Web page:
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You’ve probably heard that most Americans eat too much salt. Salt contains sodium and too much sodium can raise blood pressure – which can have serious health consequences if not treated.
Despite what many people think, use of the salt shaker is not the main cause of too much sodium in your diet. In fact, over 75% of dietary sodium comes from eating packaged and restaurant foods.
- The Nutrition Facts Label on food and beverage packages is a useful tool for making healthful dietary choices and monitoring how much sodium is contained in a food you are considering.
- Full nutrition labeling is not required of restaurants for their menu items, unless nutrient claims are made, such as “Low Sodium” or “Low Fat.” So, you may not learn how much sodium is in a food unless you ask.
Check the Label!
High levels of sodium may seem “hidden” in packaged food, particularly when a food doesn’t “taste” salty – but sodium is not hidden on the Nutrition Facts Label!
- The Nutrition Facts Label lists the Percent Daily Value (%DV) of sodium in one serving of a food.
- The %DV for sodium is based on 100% of the recommended amount of sodium, which is less than 2400 milligrams (mg) per day.
- The %DV listed is for one serving, but many packages contain more than one serving! Look at the serving size and how many servings you are actually consuming – if you eat two servings you get twice as much sodium (or double the %DV).
Use the Percent Daily Value (%DV) to Compare Products
The %DV tells you whether a food contributes a little or a lot to your total daily diet.
- 5%DV (120 mg) or less of sodium per serving is low
- 20%DV (480 mg) or more of sodium per serving is high
You can also check the front of the food package to quickly identify foods that may contain less sodium. For example, look for foods with claims such as:
- Salt/Sodium-Free → Less than 5 mg of sodium per serving
- Very Low Sodium → 35 mg of sodium or less per serving
- Low Sodium → 140 mg of sodium or less per serving
- Reduced Sodium → At least 25% less sodium than in the original product
- Light in Sodium or Lightly Salted → At least 50% less sodium than the regular product
- No-Salt-Added or Unsalted → No salt is added during processing, but not necessarily sodium-free. Check the Nutrition Facts Label to be sure!
Sodium’s Health Connection
Sodium attracts water and a high-sodium diet draws water into the bloodstream, which increases the volume of blood and over time can increase your blood pressure. High blood pressure (also known as hypertension) forces the heart to work harder and can damage blood vessels and organs – increasing your risk of heart disease, kidney disease, and stroke.
And since blood pressure normally rises with age, limiting your sodium intake becomes even more important each year. The good news is that eating less sodium can often help lower blood pressure to within the normal range…which can, in turn, help reduce your risk of developing these serious medical conditions.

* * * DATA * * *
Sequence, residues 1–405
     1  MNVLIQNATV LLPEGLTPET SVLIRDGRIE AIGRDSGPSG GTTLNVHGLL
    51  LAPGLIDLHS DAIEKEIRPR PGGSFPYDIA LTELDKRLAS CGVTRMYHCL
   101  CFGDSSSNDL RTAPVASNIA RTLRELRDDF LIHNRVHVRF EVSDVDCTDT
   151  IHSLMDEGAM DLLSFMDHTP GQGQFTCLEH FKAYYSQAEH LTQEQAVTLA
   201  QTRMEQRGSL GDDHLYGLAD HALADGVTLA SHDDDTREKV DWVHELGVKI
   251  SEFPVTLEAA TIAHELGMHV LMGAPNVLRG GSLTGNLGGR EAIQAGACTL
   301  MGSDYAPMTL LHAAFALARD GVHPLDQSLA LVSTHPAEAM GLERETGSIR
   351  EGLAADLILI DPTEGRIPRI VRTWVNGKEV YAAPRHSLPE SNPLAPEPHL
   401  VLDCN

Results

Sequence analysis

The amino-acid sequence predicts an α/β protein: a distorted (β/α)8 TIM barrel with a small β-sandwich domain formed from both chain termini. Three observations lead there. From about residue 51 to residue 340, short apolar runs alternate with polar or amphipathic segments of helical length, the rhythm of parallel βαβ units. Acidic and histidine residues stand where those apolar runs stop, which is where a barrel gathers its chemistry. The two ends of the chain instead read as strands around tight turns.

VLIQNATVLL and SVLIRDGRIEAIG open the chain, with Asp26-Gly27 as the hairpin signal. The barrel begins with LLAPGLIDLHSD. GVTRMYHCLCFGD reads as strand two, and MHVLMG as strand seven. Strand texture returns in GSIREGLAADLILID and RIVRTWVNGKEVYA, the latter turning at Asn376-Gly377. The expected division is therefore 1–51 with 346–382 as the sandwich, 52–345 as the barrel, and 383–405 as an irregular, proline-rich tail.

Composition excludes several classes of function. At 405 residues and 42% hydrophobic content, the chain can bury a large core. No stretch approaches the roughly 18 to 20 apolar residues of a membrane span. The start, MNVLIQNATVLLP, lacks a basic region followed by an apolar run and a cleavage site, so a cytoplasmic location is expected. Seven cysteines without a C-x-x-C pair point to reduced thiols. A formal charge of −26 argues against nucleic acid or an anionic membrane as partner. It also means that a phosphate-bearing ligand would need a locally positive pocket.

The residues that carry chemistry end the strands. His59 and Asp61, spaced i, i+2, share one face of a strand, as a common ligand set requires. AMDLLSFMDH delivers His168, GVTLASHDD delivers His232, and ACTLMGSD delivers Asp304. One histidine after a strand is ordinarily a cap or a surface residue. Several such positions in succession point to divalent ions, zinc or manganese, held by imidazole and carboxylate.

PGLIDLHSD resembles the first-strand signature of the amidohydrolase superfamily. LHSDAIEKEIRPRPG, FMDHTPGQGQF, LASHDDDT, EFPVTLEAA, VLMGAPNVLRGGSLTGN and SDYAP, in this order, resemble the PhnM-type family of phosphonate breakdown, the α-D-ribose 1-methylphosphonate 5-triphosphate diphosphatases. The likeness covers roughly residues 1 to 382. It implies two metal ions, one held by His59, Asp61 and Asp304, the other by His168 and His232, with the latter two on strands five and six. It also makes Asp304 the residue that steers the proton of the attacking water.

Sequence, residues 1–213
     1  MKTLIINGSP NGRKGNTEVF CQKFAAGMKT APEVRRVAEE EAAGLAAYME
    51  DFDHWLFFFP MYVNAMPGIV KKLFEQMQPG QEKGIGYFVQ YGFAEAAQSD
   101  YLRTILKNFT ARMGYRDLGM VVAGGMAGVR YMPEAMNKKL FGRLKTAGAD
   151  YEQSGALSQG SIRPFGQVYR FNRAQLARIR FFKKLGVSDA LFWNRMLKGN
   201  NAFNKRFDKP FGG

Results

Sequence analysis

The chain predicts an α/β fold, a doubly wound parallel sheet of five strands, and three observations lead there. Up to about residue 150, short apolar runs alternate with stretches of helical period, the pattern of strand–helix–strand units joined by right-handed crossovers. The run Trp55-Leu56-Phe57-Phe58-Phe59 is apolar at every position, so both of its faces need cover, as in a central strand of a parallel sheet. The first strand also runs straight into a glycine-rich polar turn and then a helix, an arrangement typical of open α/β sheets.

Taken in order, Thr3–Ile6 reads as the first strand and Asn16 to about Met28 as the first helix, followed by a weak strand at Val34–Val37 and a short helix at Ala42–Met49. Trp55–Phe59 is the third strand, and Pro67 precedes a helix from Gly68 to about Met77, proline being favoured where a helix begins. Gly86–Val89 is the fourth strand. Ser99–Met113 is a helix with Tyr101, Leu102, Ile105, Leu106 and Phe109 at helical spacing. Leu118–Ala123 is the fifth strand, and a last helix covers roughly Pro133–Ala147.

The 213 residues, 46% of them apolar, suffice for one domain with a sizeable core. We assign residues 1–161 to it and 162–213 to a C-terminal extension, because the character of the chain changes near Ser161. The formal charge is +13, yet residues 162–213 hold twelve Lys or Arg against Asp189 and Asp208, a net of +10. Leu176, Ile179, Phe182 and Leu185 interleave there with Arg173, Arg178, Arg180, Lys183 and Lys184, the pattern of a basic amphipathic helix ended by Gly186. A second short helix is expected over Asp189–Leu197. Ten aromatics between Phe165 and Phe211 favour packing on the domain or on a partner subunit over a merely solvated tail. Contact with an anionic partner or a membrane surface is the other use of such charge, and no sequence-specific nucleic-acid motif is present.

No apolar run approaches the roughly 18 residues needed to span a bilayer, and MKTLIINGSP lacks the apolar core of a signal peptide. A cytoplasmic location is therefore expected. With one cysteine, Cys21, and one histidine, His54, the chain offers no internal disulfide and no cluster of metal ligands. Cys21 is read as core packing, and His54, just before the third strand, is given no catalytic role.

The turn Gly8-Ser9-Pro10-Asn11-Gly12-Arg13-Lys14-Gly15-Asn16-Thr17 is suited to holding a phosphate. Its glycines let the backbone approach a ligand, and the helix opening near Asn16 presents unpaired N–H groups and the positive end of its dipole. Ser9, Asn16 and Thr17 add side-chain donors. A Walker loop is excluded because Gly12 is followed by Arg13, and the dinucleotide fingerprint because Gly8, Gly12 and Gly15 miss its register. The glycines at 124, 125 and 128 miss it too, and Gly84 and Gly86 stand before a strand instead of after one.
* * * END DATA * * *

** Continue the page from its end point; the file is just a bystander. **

Research shows that eating foods high in potassium can lower blood pressure by reducing the adverse effects of sodium on blood pressure. Examples of foods rich in potassium include potatoes, sweet potatoes, tomatoes, spinach, apricots, bananas, beans, low-fat or non-fat milk and yogurt, and juices (prune, carrot, tomato and orange).
- High blood pressure affects approximately one in three U.S. adults, or 75 million people.
- An additional 78 million adults suffer from slightly elevated blood pressure, which can turn into high blood pressure.
- Heart disease is the leading cause of death, and stroke is the fourth leading cause of death among men and women in the United States (U.S.).
Know Your Numbers
The human body needs a small amount of sodium to maintain a balance of body fluids, keep muscles and nerves running smoothly and help certain organs work properly. However, about 90% of Americans eat too much of it – and they may not even know it.
Americans eat on average about 3,300 mg of sodium a day.
The Dietary Guidelines for Americans recommends limiting sodium to less than 2,300 milligrams (mg) per day – that’s equal to about 1 teaspoon of salt!
You should reduce your intake further to 1500 mg per day if you are in any of the following population groups who have been shown to be more susceptible to sodium’s blood pressure-raising effects.
- People with high blood pressure, diabetes or chronic kidney disease
- People ages 51 and older
These specific populations account for about half of the U.S. population and the majority of adults, so talk to your healthcare professional about whether you are at risk for high blood pressure … and use the Nutrition Facts Label as your tool to evaluate how much sodium you are eating and drinking.
The words “salt” and “sodium” do not mean the same thing, but they are often used interchangeably. Salt, also known by its chemical name sodium chloride, is a crystal-like compound that is abundant in nature and is used to flavor and preserve food. Sodium is one of the chemical elements found in salt.